Trailing Twelve Months - TTM


DEFINITION of 'Trailing Twelve Months - TTM'

The timeframe of the past 12 months used for reporting financial figures. A company's trailing 12 months is a representation of its financial performance for a 12-month period, but typically not at its fiscal year end. Since quarterly reports rarely report how the company has done in the past 12 months, TTM tends to be calculated manually or found on various websites.


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BREAKING DOWN 'Trailing Twelve Months - TTM'

Trailing 12 months figures can be calculated by subtracting the previous year's results from the same quarter as the most recent quarter reported and adding the difference to the latest fiscal year end results.

TTM figures are also often used to calculate financial ratios. For example, the price/earnings ratio is often quoted as P/E (ttm), meaning they're using the EPS from the past 12 months.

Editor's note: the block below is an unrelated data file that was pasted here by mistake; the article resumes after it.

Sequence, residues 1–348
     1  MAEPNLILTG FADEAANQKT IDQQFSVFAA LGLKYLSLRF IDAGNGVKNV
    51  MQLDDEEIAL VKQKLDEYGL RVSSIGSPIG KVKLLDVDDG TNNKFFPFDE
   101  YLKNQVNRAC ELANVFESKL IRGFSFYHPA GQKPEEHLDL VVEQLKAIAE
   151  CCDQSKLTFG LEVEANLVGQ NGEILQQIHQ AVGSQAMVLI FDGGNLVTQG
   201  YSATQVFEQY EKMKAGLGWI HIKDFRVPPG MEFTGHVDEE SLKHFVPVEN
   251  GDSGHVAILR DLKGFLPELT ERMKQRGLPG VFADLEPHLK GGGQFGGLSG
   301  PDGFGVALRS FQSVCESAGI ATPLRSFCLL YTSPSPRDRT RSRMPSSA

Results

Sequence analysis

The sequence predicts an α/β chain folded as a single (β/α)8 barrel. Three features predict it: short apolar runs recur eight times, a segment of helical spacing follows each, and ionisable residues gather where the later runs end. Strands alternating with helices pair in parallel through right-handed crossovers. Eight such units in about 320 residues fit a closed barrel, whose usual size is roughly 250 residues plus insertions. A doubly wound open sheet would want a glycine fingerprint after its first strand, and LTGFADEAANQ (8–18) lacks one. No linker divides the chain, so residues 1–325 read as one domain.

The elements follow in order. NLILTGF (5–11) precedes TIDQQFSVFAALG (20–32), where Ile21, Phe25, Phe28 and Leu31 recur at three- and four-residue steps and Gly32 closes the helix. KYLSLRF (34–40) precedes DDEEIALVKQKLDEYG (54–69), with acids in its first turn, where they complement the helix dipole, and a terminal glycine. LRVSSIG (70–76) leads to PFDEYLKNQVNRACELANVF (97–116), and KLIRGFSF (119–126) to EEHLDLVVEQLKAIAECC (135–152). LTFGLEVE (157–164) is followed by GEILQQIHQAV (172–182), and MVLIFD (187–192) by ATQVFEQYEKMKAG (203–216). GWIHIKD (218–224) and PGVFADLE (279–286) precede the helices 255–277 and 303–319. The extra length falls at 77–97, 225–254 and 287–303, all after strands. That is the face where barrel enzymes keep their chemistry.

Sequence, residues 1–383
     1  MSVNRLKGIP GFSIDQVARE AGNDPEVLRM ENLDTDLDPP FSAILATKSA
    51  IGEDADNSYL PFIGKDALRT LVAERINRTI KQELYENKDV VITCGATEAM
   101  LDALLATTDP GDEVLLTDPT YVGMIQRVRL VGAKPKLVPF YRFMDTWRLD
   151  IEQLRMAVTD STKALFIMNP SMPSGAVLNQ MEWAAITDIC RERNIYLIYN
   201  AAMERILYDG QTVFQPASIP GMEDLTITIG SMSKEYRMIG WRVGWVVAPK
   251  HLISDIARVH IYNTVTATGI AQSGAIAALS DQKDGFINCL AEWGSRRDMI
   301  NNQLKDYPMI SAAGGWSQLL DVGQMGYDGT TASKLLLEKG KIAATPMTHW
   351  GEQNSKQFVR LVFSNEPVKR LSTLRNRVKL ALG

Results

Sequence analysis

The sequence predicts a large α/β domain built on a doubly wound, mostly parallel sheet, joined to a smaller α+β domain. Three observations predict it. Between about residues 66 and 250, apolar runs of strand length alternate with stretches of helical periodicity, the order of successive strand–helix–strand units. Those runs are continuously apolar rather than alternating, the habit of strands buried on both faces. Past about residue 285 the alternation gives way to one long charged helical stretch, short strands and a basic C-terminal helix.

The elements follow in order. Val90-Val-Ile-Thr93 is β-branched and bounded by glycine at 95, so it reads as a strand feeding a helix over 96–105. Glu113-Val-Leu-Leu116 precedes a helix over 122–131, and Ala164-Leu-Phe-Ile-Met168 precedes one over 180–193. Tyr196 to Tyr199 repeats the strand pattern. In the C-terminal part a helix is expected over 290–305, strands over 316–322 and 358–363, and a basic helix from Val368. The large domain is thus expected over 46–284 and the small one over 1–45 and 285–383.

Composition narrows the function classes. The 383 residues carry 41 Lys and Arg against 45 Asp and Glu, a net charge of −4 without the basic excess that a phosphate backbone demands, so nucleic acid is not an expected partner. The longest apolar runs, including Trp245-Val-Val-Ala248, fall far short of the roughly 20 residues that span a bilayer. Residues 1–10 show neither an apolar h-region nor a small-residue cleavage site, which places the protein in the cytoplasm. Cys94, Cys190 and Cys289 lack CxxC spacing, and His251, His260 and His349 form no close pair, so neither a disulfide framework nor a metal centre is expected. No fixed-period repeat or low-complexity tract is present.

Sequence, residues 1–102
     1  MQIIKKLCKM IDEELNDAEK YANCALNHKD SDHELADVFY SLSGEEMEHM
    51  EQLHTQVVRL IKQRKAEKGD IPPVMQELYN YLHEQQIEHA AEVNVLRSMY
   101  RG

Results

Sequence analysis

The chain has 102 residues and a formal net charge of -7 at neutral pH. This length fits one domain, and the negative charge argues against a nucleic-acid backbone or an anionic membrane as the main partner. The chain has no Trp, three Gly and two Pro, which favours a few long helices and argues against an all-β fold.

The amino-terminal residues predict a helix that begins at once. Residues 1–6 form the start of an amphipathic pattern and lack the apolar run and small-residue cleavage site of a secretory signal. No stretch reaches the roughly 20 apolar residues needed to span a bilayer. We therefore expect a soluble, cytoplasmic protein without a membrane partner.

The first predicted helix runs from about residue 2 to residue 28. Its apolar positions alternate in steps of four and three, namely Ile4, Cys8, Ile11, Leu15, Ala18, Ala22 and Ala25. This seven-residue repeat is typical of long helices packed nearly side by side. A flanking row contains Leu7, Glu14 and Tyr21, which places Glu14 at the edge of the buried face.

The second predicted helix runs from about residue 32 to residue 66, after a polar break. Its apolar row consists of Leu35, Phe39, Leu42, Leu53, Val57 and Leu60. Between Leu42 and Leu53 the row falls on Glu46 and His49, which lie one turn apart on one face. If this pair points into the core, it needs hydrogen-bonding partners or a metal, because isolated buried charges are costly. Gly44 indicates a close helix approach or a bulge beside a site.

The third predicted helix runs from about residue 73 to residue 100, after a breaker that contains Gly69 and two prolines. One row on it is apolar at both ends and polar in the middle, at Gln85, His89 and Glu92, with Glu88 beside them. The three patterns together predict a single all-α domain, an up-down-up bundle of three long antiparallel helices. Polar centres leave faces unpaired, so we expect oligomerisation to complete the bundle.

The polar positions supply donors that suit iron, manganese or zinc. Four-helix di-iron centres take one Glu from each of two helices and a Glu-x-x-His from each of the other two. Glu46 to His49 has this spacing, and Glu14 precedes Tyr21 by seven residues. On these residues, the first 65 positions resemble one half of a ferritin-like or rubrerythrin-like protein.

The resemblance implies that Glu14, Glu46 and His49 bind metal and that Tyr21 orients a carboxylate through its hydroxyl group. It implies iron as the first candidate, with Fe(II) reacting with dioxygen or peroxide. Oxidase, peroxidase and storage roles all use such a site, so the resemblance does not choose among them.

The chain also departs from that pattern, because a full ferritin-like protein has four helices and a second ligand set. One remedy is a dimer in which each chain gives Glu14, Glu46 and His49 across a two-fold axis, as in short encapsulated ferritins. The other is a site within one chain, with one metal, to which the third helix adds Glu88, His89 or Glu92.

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    The price-to-earnings ratio (P/E) is an important valuation metric used in fundamental analysis. It tells investors how much ... Read Full Answer >>
  2. What metrics are most commonly used to evaluate companies in the insurance sector?

    Insurance sector companies, as any other non-financial service, are evaluated based on their profitability, expected growth, ... Read Full Answer >>
  3. Where on the internet can I look up price to sales ratios for specific companies?

    The price-to-sales (P/S) ratio is an important metric used by investors to value a stock. It indicates how the market values ... Read Full Answer >>
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    The short answer? No. The long answer? It depends. The price-to-earnings ratio (P/E ratio) is calculated as a stock's current ... Read Full Answer >>
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